Camera condensation occurs when you take your camera from a warm place to a cold place or vice versa. It is also a common problem for photographers living in heavily humid areas.
The condensation should not affect your camera if you deal with it right away. If it is left unattended, it could create a more significant problem like lens fungus. This could damage your lens and camera to the point of no repair.
In today’s article, we will teach you all about camera condensation. You’ll learn the meaning of lens fog, its consequences, and how to defog your lens.
What Is Lens Fog?
Lens fog is a consequence of camera condensation. If the temperature changes from one extreme to the other fast, your camera lenses will suffer lens fog.
There’s no easy and quick fix, but it is not the end of the world if treated correctly.
Lens fungus can be dangerous, however, if the fog gets exposed to sand or dust. The combination creates the perfect environment for fungus to grow freely, and lens fungus is not something you can quickly fix. The fungus is more common in lenses with no weather-sealing features.
If there is fungus inside your lens, you’ll be able to notice it as a spider web-like white spot on every picture you’ll take. If there is fungus inside your lens, you should get it to a repair shop as soon as possible. If you do not treat it, the fungus will severely damage your lens and camera.
To check if your lens has a fungus, you can follow these steps:
- First of all, you need to remove the lens from the camera.
- Make sure that you’ve also removed the front and rear lens caps.
- It is essential to do this in an ambient environment with plenty of light.
- Now, look through both of the ends of the lens.
If you spot the spider web-like white spots, then you need to see a professional lens technician. The technician will tell you if they can fix your lens or if you need a new one. Keep in mind that most warranties do not cover lens fungus.
Note: If you want to avoid lens fog or lens fungus, you should try to keep your lenses in a sealed silica gel packet. The fungus survives from the moisture of the environment and the darkness. So, with the silica gel packet absorbing the water, your lenses will be fungus-free.
At What Temperature/Humidity Differential Does Camera Fog Form?
Camera fog forms if you move your camera and lenses from a really hot place to a freezing place or vice versa. The quickness factor makes fog forms in the cameras, as your lens’s interior is under one temperature and the exterior is under another.
Camera fog is a bigger problem in tropical places because of people using air conditioners. If you go from a place with air conditioning to the outside where there is a lot of humidity, camera fog will inevitably form in your lenses.
There is no exact temperature differential for camera fog to form, but you can expect it to happen if you move your camera from a 31°C (89°F) to a 22°C (72°F) environment. The difference between these two temperatures will create camera fog.
So, it is correct to assume that you’ll notice the condensation at a 10° difference.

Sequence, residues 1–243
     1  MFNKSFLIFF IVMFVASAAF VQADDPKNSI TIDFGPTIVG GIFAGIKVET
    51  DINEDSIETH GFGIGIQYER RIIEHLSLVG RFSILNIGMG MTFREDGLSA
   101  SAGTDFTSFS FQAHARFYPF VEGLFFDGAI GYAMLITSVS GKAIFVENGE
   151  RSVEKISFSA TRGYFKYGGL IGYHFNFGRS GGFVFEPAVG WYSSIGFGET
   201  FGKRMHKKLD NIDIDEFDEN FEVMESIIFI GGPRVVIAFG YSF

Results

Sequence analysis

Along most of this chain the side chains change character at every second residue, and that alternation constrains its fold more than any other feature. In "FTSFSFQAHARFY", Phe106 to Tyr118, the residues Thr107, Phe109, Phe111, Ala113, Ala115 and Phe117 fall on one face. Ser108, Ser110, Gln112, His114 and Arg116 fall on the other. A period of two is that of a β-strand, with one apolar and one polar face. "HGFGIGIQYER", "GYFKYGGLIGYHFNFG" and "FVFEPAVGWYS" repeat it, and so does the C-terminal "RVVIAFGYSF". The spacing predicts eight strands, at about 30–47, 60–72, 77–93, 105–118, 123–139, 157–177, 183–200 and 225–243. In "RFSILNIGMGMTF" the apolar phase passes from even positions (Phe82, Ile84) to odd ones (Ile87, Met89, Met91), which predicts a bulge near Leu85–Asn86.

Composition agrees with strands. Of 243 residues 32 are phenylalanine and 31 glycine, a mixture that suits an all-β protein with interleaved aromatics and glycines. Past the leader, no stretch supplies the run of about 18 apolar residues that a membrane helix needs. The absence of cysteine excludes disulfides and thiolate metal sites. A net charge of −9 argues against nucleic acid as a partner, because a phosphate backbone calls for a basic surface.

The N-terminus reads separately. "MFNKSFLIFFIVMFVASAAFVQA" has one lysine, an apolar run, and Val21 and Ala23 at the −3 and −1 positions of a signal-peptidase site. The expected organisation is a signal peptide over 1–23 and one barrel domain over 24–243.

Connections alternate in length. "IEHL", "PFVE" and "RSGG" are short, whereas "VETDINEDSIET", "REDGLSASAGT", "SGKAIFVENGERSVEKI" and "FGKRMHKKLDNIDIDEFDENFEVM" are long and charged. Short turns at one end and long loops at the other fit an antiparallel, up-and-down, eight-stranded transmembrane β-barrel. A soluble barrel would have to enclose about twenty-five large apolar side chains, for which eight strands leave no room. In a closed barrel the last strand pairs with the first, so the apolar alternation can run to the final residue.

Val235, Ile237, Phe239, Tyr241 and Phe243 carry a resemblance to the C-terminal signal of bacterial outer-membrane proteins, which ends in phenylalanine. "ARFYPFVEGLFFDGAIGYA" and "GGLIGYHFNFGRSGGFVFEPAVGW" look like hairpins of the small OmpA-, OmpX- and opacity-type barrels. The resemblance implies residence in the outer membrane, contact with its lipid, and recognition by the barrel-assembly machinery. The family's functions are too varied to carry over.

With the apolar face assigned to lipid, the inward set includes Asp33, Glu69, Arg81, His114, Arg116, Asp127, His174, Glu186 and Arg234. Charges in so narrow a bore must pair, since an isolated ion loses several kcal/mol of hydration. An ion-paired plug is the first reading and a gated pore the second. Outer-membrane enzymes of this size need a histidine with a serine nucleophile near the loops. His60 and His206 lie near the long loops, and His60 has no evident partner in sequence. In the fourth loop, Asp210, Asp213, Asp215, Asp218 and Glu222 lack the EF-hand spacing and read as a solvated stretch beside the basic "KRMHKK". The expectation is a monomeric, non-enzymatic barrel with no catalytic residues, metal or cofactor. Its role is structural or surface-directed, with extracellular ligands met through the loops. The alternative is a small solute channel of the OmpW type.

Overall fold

Can Condensation Damage Your Lens or Camera?
Condensation can damage your camera if you do not treat it correctly. On your camera, built-up condensation over a long time can create mold.
This mold endangers the device’s internal mechanism and potentially makes it malfunction over time.
If left untreated, the condensation will damage the performance of your lens, and you’ll start noticing a white blur on every picture you take. As mentioned before, if you do not treat the lens, you risk getting the fungus on your lenses.
Overall, condensation alone is not enough to damage the mechanism of your camera. It would need to be built-up over time or combined with dust or sand to harm the camera’s body or lens.
Preventing Condensation and Fogging
Like with many problems, the best thing to do is to prevent it. There are ways to avoid the dangers of condensation on your camera and lenses.
The most crucial aspect to keep in mind is that condensation does not form in dry places. So, keep your camera and gear in dry storage, and you’ll be fine.
Here’s are some tips to better protect your camera and lenses from condensation and harsh weather:
1. Be Prepared
If you know you’ll be using your camera in highly humid places, places with a lot of snow, or near water bodies like the ocean or a waterfall, then plan. Ensure your camera is covered and protected and keep your lenses in a dry, safe environment.
You can use a rain cover to protect your camera while filming or photographing waterfalls or near ocean waves. You can also use a plastic bag over your lenses to keep them dry and sealed until you need to use them.
2. Keep Your Camera at a Constant Temperature
If you take pictures in cold conditions like Greenland, you must keep your camera warm for it to work, but not too warm to develop any condensation. In those cases, you have to keep your camera close to you and covered by using an All-Weather-Cover for professional cameras.
The All-Weather-Cover will keep your camera warm, but it will also keep it dry, making it hard for condensation to form.
The same goes for when working in hot places with a lot of humidity. Covering and protecting your camera and lenses is imperative for keeping your gear dry. Keeping your equipment dry can be the difference between lens fungus and a functional camera.
3. Give Your Camera and Gear Time to Acclimate
If you have the time for this step, then follow it. Giving your camera and gear the necessary time to acclimate to the weather effectively prevents condensation in the camera’s body and lenses. Keep your camera inside the camera bag for at least an hour or so before using it outside.